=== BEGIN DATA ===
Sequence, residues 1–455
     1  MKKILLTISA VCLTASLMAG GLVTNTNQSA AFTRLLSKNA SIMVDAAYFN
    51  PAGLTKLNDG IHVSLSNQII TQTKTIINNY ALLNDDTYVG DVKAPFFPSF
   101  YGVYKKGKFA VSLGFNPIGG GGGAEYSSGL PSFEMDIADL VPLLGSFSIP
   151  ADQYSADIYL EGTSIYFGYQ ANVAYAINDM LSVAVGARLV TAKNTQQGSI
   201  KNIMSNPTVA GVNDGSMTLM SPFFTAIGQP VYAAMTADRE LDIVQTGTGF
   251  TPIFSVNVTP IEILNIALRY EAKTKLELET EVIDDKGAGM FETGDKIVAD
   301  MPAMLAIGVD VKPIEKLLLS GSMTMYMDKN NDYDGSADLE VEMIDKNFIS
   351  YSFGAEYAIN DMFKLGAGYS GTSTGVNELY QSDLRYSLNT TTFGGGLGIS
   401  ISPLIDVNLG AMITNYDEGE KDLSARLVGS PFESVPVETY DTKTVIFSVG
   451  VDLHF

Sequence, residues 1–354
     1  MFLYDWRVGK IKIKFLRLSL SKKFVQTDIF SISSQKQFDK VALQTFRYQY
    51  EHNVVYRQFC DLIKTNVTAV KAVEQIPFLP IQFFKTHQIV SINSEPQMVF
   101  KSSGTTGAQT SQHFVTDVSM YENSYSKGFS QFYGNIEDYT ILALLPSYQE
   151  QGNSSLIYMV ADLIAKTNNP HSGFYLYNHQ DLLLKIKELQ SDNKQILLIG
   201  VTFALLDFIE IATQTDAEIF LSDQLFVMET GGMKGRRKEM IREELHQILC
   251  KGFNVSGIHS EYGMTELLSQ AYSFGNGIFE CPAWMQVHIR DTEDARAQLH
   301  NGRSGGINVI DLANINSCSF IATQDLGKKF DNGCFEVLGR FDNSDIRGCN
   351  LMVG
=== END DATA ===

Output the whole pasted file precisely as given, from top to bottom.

Sequence, residues 1–455
     1  MKKILLTISA VCLTASLMAG GLVTNTNQSA AFTRLLSKNA SIMVDAAYFN
    51  PAGLTKLNDG IHVSLSNQII TQTKTIINNY ALLNDDTYVG DVKAPFFPSF
   101  YGVYKKGKFA VSLGFNPIGG GGGAEYSSGL PSFEMDIADL VPLLGSFSIP
   151  ADQYSADIYL EGTSIYFGYQ ANVAYAINDM LSVAVGARLV TAKNTQQGSI
   201  KNIMSNPTVA GVNDGSMTLM SPFFTAIGQP VYAAMTADRE LDIVQTGTGF
   251  TPIFSVNVTP IEILNIALRY EAKTKLELET EVIDDKGAGM FETGDKIVAD
   301  MPAMLAIGVD VKPIEKLLLS GSMTMYMDKN NDYDGSADLE VEMIDKNFIS
   351  YSFGAEYAIN DMFKLGAGYS GTSTGVNELY QSDLRYSLNT TTFGGGLGIS
   401  ISPLIDVNLG AMITNYDEGE KDLSARLVGS PFESVPVETY DTKTVIFSVG
   451  VDLHF

Sequence, residues 1–354
     1  MFLYDWRVGK IKIKFLRLSL SKKFVQTDIF SISSQKQFDK VALQTFRYQY
    51  EHNVVYRQFC DLIKTNVTAV KAVEQIPFLP IQFFKTHQIV SINSEPQMVF
   101  KSSGTTGAQT SQHFVTDVSM YENSYSKGFS QFYGNIEDYT ILALLPSYQE
   151  QGNSSLIYMV ADLIAKTNNP HSGFYLYNHQ DLLLKIKELQ SDNKQILLIG
   201  VTFALLDFIE IATQTDAEIF LSDQLFVMET GGMKGRRKEM IREELHQILC
   251  KGFNVSGIHS EYGMTELLSQ AYSFGNGIFE CPAWMQVHIR DTEDARAQLH
   301  NGRSGGINVI DLANINSCSF IATQDLGKKF DNGCFEVLGR FDNSDIRGCN
   351  LMVG